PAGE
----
A recruitment consultant who is so scared of healthy food that she finds eating fruit and vegetables like feasting on “a plate of dog poo" told how she survives on pizza, plain pasta, chips and chicken nuggets – despite fearing her diet could make her blind.
After cognitive behavioral therapy (CBT) and hypnotherapy failed to cure her phobia, Jade Youngman, 25, of Norwich, Norfolk, England, fears she will never be able to vary her nutrient deficient menu, putting her at risk of serious health problems in the future.
Told she has avoidant restrictive food intake disorder (ARFID), Jade said: “The way I describe how I feel is that if someone puts a plate of fruit or vegetables in front of me, it's the equivalent of putting a plate of dog poo down and saying, 'Eat that'."
Jade (PA REAL LIFE/COLLECT)
She said: “It will make me vomit if I eat it. It will make me wretch and gag to have it in front of me.
“It's like a physical reaction. If I put it to my mouth with my left hand, my right hand will pull my left hand away before it gets there.
“I know that it won't kill me if I eat it and I know that it will probably taste nice, but I can't get it in my mouth."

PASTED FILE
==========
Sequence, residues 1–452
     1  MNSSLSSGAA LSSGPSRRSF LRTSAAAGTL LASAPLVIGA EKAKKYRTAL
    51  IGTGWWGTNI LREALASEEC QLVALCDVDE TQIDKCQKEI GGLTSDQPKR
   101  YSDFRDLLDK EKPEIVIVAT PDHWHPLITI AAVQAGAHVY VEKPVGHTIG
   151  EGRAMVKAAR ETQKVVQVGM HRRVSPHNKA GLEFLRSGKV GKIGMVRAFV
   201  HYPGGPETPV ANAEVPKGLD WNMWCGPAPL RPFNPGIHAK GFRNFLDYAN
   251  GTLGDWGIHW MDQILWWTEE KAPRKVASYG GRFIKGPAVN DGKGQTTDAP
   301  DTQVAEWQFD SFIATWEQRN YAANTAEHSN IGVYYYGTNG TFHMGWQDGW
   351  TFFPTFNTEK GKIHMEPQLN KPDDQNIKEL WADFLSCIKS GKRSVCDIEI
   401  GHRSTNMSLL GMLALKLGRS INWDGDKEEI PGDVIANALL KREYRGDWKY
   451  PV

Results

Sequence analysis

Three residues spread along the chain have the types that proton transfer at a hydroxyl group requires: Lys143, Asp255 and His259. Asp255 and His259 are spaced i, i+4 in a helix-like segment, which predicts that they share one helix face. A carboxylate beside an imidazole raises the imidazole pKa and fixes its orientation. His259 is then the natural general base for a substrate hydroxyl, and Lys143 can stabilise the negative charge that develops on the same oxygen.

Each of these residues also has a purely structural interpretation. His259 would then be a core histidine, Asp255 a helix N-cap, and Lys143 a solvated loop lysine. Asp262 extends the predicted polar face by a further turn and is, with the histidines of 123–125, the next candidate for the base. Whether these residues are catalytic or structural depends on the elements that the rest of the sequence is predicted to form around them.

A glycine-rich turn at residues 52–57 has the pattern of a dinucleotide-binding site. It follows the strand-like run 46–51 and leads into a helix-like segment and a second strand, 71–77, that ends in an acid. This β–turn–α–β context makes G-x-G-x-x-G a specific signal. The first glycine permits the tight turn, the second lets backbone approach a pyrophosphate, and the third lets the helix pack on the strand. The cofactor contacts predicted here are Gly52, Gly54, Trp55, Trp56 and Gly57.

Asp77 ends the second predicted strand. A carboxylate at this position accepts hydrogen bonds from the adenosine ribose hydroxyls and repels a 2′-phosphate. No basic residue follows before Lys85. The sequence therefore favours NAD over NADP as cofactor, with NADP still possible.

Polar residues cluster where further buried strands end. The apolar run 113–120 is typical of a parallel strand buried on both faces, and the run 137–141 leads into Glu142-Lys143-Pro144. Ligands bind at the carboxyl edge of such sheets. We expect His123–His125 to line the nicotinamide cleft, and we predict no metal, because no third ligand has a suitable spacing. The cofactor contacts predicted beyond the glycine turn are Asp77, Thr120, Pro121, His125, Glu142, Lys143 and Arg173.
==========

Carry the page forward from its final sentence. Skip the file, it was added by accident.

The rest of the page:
Jade explained: “I have tried to push through it but I can't."
Strangely, Jade would eat anything until she was about three years old, when she started to refuse certain food, although she cannot recall there being a trigger for it.
Doctors dismissed it as fussy eating and told her parents she would grow out of it.
Chicken nuggets (PA REAL LIFE/COLLECT)
“My mum said she can't think of anything that triggered it," she recalled.
“There were no incidents of choking or anything like that.
“My parents took me to the doctor at that age, but they just said I was a fussy eater and it was a stage I would grow out of. But I never did."
Jade (PA REAL LIFE/COLLECT)
“I began to notice I was different to other kids when I started school," Jade recalled.
Especially on trips, when other children would bring their packed lunches and I couldn't eat anything like the food they had.
“I would get comments – things like, 'Shall we get you a high chair to go with that meal?' because I was, basically, eating food for little children."